Growing up in Toronto, I acquired a taste for novel proteins and exotic foods early in life. I remember sharing snails with my dad before I was ten years old. For me, they held a lot more allure than chicken and turkey.
In 1990, Chef Mark McEwen opened the doors to North 44, his first restaurant. There was always something new and exciting to try, and some of those taste sensations never left me.
What I learned back then has helped me significantly over the years when developing nutritional plans for dogs with special dietary needs. My experience with exotic foods has become even more helpful since the pet food recalls five years ago forced us all to rethink what we were feeding our dogs. Many people have taken the opportunity to experiment with novel proteins, including wild game. That trend continues as recalls keep happening, particularly involving poultry products from faraway places.
If you haven’t already, why not try some of these novel proteins? They can be prepared in a variety of ways, and will provide your dog with a powerhouse of nutrients.
- 1 pound buffalo, sliced into strips
- 4 tablespoons extra virgin olive oil
- 1 clove garlic, finely minced, or 1/2 teaspoon granulated garlic
- 1 teaspoon sea salt
- 2 teaspoons rubbed oregano
- 1 teaspoon thyme
- 1 teaspoon dried parsley
- 1/2 teaspoon cinnamon
- 1/2 teaspoon nutmeg
- 1 cup grated sweet potato
- 1 cup grated yam
- 6 tablespoons filtered water
- Greek yogurt for garnish
Instructions Choose organic ingredients whenever possible. Place olive oil in a large pan. Turn heat to high. When you see the first bubbles appear on the surface of the oil, add the sliced buffalo strips. Turn down the heat to simmer. Add all spices. Using a wooden spoon, gently turn pieces of buffalo until all the pink is gone. Remove pan from the stove. Allow the buffalo strips to cool, and then remove to a plate or bowl.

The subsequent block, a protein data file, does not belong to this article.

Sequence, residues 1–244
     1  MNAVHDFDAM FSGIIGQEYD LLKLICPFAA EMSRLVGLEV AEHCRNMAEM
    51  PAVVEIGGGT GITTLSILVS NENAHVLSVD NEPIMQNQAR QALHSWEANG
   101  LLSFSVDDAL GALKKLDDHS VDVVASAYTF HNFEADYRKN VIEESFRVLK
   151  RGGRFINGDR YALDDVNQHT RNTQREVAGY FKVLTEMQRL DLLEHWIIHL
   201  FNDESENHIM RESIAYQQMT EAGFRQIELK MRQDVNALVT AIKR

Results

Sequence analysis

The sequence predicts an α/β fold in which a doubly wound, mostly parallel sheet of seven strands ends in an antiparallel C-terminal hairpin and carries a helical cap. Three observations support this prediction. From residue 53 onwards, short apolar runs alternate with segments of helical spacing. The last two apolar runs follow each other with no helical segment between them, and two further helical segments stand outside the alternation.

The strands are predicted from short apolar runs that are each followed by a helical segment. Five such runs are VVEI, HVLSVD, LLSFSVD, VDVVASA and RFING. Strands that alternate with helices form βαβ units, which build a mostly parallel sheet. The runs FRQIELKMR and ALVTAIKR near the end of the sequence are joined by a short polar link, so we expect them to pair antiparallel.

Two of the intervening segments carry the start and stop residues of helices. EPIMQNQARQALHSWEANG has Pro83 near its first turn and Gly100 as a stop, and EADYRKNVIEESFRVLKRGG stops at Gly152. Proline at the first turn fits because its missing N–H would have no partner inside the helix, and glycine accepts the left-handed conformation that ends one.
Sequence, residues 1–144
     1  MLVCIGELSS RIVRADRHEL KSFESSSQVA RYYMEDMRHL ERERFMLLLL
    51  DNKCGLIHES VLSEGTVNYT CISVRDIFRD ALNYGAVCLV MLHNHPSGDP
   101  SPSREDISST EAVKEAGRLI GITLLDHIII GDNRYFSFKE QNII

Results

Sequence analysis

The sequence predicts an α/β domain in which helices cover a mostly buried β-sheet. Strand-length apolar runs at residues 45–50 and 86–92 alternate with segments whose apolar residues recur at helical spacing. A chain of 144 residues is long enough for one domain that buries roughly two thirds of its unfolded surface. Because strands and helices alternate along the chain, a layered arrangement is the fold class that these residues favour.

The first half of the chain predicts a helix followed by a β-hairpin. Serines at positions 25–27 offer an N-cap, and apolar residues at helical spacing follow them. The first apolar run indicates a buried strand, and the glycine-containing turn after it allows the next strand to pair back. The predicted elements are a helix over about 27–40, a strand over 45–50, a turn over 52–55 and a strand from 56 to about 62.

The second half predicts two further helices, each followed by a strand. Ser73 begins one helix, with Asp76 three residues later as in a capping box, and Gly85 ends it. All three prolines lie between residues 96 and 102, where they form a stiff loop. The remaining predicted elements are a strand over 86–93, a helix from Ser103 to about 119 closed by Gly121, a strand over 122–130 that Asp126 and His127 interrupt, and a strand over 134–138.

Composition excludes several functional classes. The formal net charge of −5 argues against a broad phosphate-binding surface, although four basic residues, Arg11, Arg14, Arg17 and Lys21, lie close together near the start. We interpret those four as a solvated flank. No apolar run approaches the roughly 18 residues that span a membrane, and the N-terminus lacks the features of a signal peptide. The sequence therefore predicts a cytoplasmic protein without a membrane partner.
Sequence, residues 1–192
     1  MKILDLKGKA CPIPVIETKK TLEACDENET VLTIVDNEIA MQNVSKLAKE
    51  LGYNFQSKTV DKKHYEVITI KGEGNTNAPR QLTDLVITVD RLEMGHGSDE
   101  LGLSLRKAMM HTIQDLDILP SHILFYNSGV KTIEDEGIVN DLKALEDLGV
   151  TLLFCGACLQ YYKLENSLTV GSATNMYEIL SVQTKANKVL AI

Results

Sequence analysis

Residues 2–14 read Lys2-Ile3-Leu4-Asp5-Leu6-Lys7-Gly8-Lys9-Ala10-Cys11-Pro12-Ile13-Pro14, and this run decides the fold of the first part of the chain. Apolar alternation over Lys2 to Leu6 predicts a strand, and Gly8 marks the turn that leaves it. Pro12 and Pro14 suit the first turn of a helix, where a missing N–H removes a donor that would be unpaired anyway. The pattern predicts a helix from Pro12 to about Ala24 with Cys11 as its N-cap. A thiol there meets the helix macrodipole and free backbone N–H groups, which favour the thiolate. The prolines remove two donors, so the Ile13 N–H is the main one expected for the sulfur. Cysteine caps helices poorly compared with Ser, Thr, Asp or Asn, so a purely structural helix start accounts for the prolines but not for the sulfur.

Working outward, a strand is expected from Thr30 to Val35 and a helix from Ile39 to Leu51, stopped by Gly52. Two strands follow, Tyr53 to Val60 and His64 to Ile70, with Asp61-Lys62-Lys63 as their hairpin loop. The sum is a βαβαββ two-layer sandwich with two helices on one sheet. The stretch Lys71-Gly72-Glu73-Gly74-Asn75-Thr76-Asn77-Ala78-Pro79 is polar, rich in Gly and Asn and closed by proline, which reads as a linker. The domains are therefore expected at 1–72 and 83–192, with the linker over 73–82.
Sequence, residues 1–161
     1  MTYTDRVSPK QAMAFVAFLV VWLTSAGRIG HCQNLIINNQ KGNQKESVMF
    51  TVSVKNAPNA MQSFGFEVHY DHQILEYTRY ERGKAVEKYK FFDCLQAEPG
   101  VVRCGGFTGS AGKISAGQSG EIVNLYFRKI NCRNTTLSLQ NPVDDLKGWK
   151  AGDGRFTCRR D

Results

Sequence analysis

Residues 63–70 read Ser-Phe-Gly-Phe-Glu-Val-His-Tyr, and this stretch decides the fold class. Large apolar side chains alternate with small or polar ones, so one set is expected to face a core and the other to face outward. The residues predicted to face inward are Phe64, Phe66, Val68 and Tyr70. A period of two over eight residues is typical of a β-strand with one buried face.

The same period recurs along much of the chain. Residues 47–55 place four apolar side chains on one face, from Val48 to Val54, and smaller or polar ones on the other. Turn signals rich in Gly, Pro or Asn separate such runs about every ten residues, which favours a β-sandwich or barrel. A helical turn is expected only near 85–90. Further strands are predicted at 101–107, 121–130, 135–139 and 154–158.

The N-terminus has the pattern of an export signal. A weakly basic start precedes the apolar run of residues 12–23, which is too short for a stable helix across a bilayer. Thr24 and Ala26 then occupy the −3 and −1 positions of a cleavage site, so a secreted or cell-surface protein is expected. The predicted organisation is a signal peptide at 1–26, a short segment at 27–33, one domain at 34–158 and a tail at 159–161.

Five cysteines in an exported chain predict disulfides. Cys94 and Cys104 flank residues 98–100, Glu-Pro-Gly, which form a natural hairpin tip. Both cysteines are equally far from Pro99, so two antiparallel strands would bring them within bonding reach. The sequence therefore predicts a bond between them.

You should be left with a beautiful golden sauce. Take your grated sweet potato and yam and add it to the pan along with the filtered water. Turn the heat to medium high, and gently combine all ingredients together. As soon as bubbles appear, turn the heat down to simmer, cover your pan, and allow to simmer for 15 minutes. Remove the pan from the stove and let it cool.
Serve this dish at room temperature to your dog (serve hot for human family members), and add a dollop of Greek or goat yogurt just before serving.
Duck with quinoa
- 2 pounds duck, e.g., legs
- 1/ 2 cup (6 to 8) dried Shiitake mushrooms
- 3 strips Kombu kelp
- ½” to 1” piece fresh ginger
- 2 star anise
- 1 teaspoon sea salt
- 5 cups filtered water
- 1 cup quinoa
Combine all ingredients except quinoa in a big pot. As soon as you have a rolling boil, turn heat down to a medium simmer, and continue to simmer until the duck meat begins to fall off the bone. Don’t worry about watching the pot. Leave it for 1½ to 2 hours. Then remove the meat from the bones, and return meat to the pot. Discard the bones.
Take 1 cup quinoa, put it in a strainer and rinse well under filtered water. Put in a small pot and add 1¼ cups filtered water. Turn heat to high. As soon as bubbles appear, turn heat down to simmer, put a lid on the pot, and time for 12 minutes. Turn heat off. Using a fork, “fluff” the quinoa then leave it for five minutes. Serve at room temperature.
Ostrich or kangaroo feast
- 1 pound ostrich or kangaroo, ground
- 3 tablespoons extra virgin olive oil
- 1 small garlic clove, minced, or 1/4 teaspoon granulated garlic
- 1/2 teaspoon sea salt
- 1 tablespoon rubbed oregano
- 2 cups tomatoes, diced, or 1 can tomatoes, with juice
Place extra virgin olive oil in pan. Turn heat to medium high. Add ground ostrich or kangaroo. Gently mix with the olive oil, and add spices, continuing to stir. As soon as bubbles appear, turn down heat to simmer, and continue to stir until there is no pink remaining in the meat.
Add the tomatoes and combine thoroughly. Put a lid on the pan and simmer for 20 minutes. Cool to room temperature before serving.
Quacking great bone booster
- 1 to 2 pounds duck, e.g., legs (use only certified organic, with no hormones or antibiotics)
- 2 small cloves garlic
- 1 tablespoon apple cider vinegar or juice from 1/2 lemon
- Filtered water
- 1/2 cup fresh parsley
Place the bones, vinegar or lemon juice, and garlic in a large pot or crock pot. Cover with filtered water. Bring the mixture to a boil, skimming the “particulates” and foam that rise to the top, then turn down the heat to a low simmer. Leave the bones to simmer all day or night. Add the parsley just a few minutes before you drain the broth from the bones. Discard the bones, but keep all the meat and cartilage to add to your dog’s regular meals.